In chapter 10 we are given the benefits of meditation: it deepens repentance; increase resolve to fight sin; inflames heart affection for the Lord; increase growth in grace; provides comfort and assurance to the soul; creates a life of joy, thankfulness, and contentment; deepens and matures a Christian’s experience; and improves the knowledge and retention of God’s Word. That’s quite a list! Any one of these benefits is more than enough to show any child of God that he should spend more time and mental energy consuming and pondering the Word of God and how, now, he should live. None of us has “arrived” nor will any of us do so in this age. Brothers and sisters – we need these benefits and others who have gone before us bid us drink deeply from the fount of God’s Word to gain them. If you and I are honest, we admit we have no excuse for our negligence in pursuing godliness. Saxton calls upon the Puritans to speak to this in chapter 11 – Enemies of Meditation.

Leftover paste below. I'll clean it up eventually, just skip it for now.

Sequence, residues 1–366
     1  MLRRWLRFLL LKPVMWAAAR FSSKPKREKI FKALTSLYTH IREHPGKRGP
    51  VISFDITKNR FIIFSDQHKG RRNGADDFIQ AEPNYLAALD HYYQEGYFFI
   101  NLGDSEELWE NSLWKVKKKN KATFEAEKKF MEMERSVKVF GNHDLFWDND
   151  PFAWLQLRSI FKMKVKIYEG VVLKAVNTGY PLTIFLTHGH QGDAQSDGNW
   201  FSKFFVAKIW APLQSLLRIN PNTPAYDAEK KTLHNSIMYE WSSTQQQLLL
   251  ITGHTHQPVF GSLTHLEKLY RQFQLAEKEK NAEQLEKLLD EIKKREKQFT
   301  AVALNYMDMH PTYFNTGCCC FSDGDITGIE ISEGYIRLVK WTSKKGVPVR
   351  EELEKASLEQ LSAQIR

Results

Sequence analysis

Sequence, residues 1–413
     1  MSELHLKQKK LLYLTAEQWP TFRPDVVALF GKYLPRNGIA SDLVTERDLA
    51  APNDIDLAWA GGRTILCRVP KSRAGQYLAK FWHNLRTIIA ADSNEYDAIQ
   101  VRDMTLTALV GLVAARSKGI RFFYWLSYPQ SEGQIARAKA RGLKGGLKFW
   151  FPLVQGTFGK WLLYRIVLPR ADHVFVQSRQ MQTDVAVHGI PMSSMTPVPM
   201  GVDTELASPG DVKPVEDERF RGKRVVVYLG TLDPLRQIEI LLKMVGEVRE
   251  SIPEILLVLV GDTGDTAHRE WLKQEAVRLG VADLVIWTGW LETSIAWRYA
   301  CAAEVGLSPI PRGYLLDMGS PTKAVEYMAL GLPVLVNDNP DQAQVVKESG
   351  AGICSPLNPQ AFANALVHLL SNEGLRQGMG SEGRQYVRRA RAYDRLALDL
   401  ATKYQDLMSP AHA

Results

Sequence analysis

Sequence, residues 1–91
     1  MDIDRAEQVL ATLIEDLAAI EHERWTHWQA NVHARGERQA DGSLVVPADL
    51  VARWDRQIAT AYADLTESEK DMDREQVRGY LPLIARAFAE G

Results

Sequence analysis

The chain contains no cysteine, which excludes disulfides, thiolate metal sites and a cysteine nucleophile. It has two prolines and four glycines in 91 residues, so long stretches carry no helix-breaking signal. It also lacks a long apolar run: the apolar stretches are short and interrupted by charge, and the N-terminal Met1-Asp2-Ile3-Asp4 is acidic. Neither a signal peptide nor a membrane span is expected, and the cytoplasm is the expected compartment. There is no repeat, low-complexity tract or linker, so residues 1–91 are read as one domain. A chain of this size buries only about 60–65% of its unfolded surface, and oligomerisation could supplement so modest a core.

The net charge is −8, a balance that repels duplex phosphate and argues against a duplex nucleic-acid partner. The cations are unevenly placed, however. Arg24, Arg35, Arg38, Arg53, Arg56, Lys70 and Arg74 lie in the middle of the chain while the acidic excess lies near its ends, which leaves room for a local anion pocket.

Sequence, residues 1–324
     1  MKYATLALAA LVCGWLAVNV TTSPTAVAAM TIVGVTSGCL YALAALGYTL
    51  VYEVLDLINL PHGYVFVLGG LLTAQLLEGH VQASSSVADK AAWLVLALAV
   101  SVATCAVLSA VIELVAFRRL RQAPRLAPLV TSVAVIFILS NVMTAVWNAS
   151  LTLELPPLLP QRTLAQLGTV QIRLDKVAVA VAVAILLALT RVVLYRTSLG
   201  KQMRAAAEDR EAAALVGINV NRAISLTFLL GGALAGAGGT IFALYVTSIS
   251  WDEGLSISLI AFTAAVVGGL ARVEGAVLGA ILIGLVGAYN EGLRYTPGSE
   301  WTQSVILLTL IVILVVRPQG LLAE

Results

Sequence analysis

But there are a couple things in chapter 10 that must be highlighted, showing us that neither Saxton nor his beloved Puritans had it all together, either. First up, a short quote from Thomas Watson, a very credible witness for the Lord – but not perfect. Saxton quotes Watson from Heaven Taken by Storm (pages 106 – 107): “If only people meditated on the damnableness of sin … they would break off … sinning and become new creatures.” This is cobbled together from a short paragraph from Watson’s pen: